Owen Farrell could face a Six Nations investigation after being allegedly involved in a tunnel bust-up before England’s shock 25-13 defeat by Scotland at Murrayfield, with the fly-half understood to have clashed with a number of Scotland players as they returned from the warm-up.
It’s unusual for both sides to head back into the changing room at the same time for fear of such skirmishes, and television cameras appeared to pick-up a fracas between an England player that appeared to be Farrell and a group of Scottish players.
The Six Nations could not confirm the incident immediately after the match, which sees England’s Grand Slam hopes over and their title defence hanging in the balance, while head coach Eddie Jones also stressed that he had no idea about the incident. However, broadcasters the BBC reported that a clash had occurred before the game that required those in question to be forcefully separated.
“I’ve been coaching a game, I’ve been pretty busy,” Jones said after suffering just his second defeat in 26 matches in charge of England. “Are you aware of it? You can show it to me after the press conference, then we can have a chat about it. In all seriousness, I don’t know about it.
“If there was, we shouldn’t let that detract from a great Scotland victory. Don’t get distracted by other things. Have you got an iPhone 10? The visions better on an iPhone 10.”
Jones was keen to praise opponents Scotland afterwards, and admitted that the home side deserved the victory that now leaves Ireland as heavy favourites to win the Six Nations for the first time in three years.
“Full credit to Scotland. They deserved the victory and played very well,” Jones said. “As we said before the game, they are a good side and we respected them. We knew it was going to be a tough game. “
England were facing an uphill battle as early as the 15th minute when Huw Jones crossed for the opening try of the match, and by the time the centre had bagged his second two minutes before half-time to sandwich Sean Maitland’s score, the reigning champions found themselves 22-6 behind.
Farrell added to his two first-half penalties with a converted try four minutes after the break, but even though Finn Russell added a penalty of his own to crown what was a brilliant performance in the wake of a fortnight worth of criticism, the first-half deficit proved too much for England to handle – with Sam Underhill’s 68th-minute yellow card only making their quest that little bit harder.
“For some reason at the start of the game, we lacked intensity,” added Jones. “We invited them to the game and they took full advantage. They raced away. It is hard to get back 22 points. I am really proud of effort in the second half. I think we showed a lot of courage and character to get ourselves back in a position where we could have conceivably won the game. Full credit to Scotland, they were outstanding today.”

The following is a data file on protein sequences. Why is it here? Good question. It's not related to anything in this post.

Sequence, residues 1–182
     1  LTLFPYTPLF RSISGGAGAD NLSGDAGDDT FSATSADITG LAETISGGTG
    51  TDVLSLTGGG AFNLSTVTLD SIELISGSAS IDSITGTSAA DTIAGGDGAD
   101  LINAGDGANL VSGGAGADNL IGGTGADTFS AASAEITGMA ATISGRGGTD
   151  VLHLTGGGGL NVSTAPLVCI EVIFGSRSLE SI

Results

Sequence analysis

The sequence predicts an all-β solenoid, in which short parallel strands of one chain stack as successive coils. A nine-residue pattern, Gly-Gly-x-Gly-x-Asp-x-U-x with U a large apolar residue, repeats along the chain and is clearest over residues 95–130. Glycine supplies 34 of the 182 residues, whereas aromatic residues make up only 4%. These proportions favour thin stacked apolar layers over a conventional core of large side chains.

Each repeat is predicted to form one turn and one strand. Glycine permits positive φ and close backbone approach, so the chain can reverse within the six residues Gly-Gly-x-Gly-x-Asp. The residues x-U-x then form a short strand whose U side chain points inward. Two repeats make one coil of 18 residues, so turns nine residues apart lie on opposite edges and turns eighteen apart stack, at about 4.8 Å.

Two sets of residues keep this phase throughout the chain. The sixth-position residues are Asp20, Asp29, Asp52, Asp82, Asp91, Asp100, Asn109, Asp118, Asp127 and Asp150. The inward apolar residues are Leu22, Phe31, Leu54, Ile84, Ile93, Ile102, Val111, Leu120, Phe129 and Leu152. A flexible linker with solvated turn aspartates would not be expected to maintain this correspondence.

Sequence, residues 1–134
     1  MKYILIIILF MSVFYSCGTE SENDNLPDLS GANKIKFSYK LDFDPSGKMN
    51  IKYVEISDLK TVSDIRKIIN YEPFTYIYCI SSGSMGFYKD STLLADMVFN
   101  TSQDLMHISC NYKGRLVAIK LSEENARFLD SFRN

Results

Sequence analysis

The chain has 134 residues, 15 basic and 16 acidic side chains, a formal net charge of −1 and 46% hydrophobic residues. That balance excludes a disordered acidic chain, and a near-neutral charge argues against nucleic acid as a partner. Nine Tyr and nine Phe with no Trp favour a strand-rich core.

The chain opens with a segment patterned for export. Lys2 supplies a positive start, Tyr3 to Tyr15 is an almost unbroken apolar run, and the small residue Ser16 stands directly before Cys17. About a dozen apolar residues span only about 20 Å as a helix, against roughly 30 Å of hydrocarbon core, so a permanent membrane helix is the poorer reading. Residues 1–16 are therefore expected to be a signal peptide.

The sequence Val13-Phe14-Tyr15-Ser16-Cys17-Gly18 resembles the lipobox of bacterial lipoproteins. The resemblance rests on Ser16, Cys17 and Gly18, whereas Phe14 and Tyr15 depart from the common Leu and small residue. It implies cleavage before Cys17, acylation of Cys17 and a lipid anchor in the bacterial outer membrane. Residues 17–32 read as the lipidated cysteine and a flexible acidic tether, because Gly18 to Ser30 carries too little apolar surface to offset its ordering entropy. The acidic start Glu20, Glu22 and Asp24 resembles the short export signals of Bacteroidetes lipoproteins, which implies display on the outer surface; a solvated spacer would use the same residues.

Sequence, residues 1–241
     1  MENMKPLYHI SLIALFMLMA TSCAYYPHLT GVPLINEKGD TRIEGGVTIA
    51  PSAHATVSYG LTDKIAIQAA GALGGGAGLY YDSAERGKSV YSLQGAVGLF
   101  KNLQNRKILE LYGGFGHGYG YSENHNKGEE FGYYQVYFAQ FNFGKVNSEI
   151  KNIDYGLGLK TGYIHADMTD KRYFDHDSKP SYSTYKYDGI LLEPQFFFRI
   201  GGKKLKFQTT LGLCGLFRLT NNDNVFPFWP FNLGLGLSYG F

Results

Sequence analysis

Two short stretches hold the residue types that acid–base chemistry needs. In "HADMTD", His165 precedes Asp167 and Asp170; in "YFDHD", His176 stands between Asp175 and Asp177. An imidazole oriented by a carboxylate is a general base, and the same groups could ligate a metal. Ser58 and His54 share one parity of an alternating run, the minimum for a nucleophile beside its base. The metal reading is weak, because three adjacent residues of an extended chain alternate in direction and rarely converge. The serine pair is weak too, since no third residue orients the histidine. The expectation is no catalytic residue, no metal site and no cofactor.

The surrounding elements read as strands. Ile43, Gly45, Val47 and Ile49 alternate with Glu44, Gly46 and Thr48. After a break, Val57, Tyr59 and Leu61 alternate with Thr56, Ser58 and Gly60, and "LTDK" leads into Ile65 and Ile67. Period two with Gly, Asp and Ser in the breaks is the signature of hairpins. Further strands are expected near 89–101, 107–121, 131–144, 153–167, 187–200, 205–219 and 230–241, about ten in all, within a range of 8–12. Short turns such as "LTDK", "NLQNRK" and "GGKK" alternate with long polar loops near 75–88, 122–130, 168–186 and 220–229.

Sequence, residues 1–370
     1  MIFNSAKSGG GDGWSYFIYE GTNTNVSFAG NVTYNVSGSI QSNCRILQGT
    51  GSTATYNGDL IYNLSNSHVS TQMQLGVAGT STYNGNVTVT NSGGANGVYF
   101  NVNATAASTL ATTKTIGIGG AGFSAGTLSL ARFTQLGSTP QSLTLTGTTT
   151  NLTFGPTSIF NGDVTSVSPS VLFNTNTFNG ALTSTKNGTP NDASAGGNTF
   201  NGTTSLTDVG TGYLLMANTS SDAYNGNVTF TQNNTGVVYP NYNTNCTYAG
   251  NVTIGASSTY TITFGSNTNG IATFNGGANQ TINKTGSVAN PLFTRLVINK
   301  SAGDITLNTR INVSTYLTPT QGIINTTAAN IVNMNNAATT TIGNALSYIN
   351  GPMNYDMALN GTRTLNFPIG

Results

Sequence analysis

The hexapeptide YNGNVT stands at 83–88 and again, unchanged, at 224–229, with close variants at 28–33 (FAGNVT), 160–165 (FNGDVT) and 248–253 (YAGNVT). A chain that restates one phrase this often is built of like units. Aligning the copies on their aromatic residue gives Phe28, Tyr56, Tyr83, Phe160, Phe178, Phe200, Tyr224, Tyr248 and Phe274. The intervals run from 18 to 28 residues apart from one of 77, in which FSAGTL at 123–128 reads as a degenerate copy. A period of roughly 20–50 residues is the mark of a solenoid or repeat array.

The Scottish side also talked down the pre-match incident, with Gregor Townsend admitting he was unaware of any incident, while Russell said that he would “leave it to the big boys” when asked about it, with the fly-half unaware of any incident.
Given that the clash was picked up by TV cameras, the silence from both teams seemed somewhat peculiar, with Joe Launchbury adding “I know nothing about it” afterwards. However, with the England lock making his 50th appearance, he could not hide his disappointment.
"There is a lot of disappointment around,” Launchbury said. “We thought we were ready for it and had plenty of time to prepare for what is always a very emotion-packed and passionate game for both sides.
"We started poorly and gave ourselves a mountain to climb. We can be proud of ourselves to come out for the second half and show some fight but it wasn't enough.
"We got behind and it was hard to reverse the momentum. Things seem to start going against you when perhaps you try so hard to catch up.
"These disappointments are not planned. We came into the tournament aiming to win as many games as we can. We lost today but this is a journey and we have a lot of growth left in us.
"We just need to use this as a harsh lesson for what can happen if you don't play your very best. It's a huge loss but we have to look at what went wrong and put things right. It's about how you react to these losses and learn from them.
"We have a massive two weeks now leading up to the game in France and we need to get that preparation right."